Should My Prayers Be Whinier?

The psalms are prayers. And some of them are real doozies.

Consider Psalm 120, where just a few minutes after requesting that the Lord shoot his (her?) enemies with flaming arrows, the psalmist declares “I am for peace.”

This is not the first nor last psalm that we might read as a prayer of retribution or vengeance; it is not the only one that prays for enemies to meet an unpleasant end. There are several apologetic dance steps that we might shuffle through at this point, such as claiming that the was the “old covenant” and that it would be inappropriate for Christians to pray in this way.

Another option is suggested by Psalms scholar John Goldingay: “The Psalms suggest an invitation not to deny that poison’s existence but to own it and bring it to God. It is at least possible that bringing our warring instincts to God will make it possible to leave them there?”

In other words, if you want to shoot your enemies with flaming arrows, ask God to do it. And then leave it with God. Get it all out. Vent. Whine. Plead for evil-doers to get their just reward. Ask God to do what you want to do, and then let it go.

What think we about this?

11 comments for “Should My Prayers Be Whinier?

  1. Anita
    December 21, 2008 at 11:14 pm

    Our car was stolen when we were newlyweds, and I happened to be reading the Psalms at the time. It was the first (and possibly only) time I really related to some of them–pleading for vengeance on my enemies matched my mood. Very therapeutic :-)

  2. Bookslinger
    December 21, 2008 at 11:33 pm

    I think that one of the main purposes of prayer is not for God to hear our prayers (we can’t tell him anything he doesn’t already know, or ask for something about which he doesn’t already know if we really need or not), but for us to hear our prayers.

    Hearing something spoken out loud makes it clearer to us. Only after hearing how pathetic some of my complaints and requests were, did I have a clearer understanding of what it was I was mentally thinking and wishing.

    I remember one request that I thought was reasonable, but when I heard myself pray/say it out loud, I realized how silly it was, withdrew the request, and apologized.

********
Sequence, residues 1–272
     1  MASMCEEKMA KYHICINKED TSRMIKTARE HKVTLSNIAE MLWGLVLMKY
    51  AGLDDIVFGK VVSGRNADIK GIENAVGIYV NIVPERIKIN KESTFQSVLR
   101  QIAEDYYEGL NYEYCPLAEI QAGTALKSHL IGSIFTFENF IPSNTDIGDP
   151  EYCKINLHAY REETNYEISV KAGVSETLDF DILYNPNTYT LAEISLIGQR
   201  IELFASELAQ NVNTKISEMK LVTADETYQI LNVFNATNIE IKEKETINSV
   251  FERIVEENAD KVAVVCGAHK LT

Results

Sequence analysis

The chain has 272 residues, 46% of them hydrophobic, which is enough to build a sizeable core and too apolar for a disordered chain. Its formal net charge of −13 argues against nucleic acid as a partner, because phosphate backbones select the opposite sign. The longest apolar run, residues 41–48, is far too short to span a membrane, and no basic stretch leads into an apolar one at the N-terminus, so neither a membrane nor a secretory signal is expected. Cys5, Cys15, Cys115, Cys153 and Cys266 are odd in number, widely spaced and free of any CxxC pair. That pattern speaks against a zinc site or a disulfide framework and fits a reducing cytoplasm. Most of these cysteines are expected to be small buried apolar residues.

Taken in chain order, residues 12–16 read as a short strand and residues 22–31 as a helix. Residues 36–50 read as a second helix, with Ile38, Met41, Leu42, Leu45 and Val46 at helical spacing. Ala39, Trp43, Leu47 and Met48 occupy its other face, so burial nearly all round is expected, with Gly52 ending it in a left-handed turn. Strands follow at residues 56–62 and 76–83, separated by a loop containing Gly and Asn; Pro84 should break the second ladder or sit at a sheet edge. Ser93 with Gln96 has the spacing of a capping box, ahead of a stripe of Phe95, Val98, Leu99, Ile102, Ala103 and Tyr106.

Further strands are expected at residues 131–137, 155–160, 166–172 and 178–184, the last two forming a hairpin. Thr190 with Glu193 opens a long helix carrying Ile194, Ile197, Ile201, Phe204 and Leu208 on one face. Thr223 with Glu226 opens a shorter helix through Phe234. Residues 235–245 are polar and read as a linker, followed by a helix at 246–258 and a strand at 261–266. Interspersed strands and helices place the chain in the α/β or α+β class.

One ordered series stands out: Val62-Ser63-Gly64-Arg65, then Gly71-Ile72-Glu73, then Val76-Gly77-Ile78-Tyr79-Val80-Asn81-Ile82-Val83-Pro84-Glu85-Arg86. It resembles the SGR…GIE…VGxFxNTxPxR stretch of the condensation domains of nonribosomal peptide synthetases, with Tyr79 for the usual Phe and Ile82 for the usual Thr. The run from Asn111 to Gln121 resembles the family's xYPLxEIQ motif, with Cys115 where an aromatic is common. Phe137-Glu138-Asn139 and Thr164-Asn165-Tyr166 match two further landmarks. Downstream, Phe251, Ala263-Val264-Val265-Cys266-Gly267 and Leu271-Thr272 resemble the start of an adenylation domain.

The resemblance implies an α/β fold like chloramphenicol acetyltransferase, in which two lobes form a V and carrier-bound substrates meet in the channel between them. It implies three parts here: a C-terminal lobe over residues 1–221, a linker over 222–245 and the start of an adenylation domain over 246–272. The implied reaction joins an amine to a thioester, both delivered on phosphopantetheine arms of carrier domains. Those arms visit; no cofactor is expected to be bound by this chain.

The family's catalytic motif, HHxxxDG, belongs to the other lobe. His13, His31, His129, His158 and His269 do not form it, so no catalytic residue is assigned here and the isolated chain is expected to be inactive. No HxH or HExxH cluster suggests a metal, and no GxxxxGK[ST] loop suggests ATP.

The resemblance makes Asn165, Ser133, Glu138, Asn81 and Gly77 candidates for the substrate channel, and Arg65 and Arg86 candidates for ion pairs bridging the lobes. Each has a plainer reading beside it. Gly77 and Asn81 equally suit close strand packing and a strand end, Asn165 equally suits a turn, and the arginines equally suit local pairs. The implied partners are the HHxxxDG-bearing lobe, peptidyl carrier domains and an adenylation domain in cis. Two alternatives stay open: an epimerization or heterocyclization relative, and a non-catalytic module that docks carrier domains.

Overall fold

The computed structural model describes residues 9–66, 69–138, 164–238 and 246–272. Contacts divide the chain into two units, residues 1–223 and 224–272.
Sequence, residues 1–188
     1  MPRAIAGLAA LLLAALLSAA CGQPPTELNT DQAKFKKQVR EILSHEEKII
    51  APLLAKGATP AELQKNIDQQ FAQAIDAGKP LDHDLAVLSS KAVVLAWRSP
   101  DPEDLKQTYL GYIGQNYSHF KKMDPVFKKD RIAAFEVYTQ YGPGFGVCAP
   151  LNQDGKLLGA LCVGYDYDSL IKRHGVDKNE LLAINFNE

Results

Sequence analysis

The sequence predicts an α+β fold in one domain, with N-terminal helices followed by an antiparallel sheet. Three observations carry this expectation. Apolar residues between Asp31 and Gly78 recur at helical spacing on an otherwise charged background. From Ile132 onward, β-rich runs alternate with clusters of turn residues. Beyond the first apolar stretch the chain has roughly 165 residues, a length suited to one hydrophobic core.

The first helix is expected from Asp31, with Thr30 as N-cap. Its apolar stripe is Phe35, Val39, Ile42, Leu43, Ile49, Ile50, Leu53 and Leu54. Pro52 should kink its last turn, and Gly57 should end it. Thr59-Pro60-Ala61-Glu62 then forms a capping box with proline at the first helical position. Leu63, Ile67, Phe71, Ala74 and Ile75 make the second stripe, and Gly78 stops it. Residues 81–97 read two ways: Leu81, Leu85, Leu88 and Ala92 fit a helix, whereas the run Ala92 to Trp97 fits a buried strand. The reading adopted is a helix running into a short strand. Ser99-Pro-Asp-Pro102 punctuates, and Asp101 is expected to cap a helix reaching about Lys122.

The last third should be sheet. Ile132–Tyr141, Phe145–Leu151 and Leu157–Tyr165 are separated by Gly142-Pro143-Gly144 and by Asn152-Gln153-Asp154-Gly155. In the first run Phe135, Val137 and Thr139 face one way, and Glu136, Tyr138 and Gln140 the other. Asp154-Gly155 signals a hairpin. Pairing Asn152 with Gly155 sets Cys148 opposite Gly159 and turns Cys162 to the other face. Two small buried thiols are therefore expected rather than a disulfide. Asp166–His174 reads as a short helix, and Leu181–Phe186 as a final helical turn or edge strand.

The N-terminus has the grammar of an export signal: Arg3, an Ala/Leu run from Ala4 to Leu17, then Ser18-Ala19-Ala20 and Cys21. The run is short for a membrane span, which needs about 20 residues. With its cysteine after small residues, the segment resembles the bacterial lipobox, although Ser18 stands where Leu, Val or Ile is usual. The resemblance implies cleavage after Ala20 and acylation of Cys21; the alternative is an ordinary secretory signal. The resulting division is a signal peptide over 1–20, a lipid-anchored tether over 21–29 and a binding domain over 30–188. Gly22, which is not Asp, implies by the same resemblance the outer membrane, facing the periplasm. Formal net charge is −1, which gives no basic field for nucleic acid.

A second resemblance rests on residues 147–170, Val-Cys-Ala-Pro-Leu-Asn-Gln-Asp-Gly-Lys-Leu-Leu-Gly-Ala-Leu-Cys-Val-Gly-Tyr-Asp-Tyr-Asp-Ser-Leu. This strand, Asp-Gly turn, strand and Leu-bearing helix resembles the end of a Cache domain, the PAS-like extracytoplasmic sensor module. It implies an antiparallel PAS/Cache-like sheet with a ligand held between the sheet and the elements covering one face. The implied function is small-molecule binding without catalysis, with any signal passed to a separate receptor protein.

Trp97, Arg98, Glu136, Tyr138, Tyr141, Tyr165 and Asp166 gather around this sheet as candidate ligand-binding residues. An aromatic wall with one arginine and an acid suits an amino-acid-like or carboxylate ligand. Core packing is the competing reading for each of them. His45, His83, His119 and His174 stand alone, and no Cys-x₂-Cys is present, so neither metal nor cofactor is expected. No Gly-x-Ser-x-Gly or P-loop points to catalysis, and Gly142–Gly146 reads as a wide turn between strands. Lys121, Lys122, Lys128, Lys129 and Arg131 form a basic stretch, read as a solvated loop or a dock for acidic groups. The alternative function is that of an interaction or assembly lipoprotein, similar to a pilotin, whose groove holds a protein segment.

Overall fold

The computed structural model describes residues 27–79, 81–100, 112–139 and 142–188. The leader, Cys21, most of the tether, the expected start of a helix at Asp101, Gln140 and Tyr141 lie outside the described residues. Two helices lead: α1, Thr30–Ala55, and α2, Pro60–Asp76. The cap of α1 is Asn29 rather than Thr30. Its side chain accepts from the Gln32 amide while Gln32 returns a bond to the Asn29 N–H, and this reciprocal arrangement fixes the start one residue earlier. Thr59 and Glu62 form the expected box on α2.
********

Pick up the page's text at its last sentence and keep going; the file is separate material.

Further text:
So I think Goldingay has a point.

  3. December 22, 2008 at 12:05 am

    I agree with you completely on this one, Bookslinger. I’ve had the same experience, sometimes all it takes is for me is to put my thoughts into prayer see how petty they are.

    On the other hand I have had the experience of being furious, (flaming arrows would have seemed like a reasonable option at the time.) Taking the time to pause and put my feelings into words to the Father of Mercy was an extraordinarily cathartic experience. Taking our thoughts to the Lord and expressing them, no matter how vile, mean, or whiny can help us to put them into proper perspective. It certainly helped me to avoid rash actions that I’m sure I’d have regretted. In my mind it seems to be one more way of casting our burden at his feet.

  4. December 22, 2008 at 3:09 am

    Great comment Bookslinger. Agreed–only sometimes I’m too–whatever–to withdraw.

  5. Adam Greenwood
    December 22, 2008 at 8:10 am

    Flaming arrows are too good for them.

  6. December 22, 2008 at 8:38 am

    In the D&C, right after the Lord tells us that “it is required of you to forgive all men” (D&C 64:10), He goes on to say: “And ye ought to say in your hearts—let God judge between me and thee, and reward thee according to thy deeds.” So the Lord recognizes our need to vent and to express a desire for justice.

    Of course, the problem with that is that the last think I want is for the Lord to reward me according to my deeds, so I usually opt for the forgiveness part by itself. ..bruce..

  7. December 22, 2008 at 8:39 am

    Uh, “last thing I want”…

  8. December 22, 2008 at 11:21 am


  9. Julie M. Smith
    December 22, 2008 at 11:26 am
  10. Julie M. Smith
    December 22, 2008 at 11:27 am
  11. December 22, 2008 at 11:49 am

    Yeah. I just had visions of sugarplums and frolicking unicorns, that’s all.

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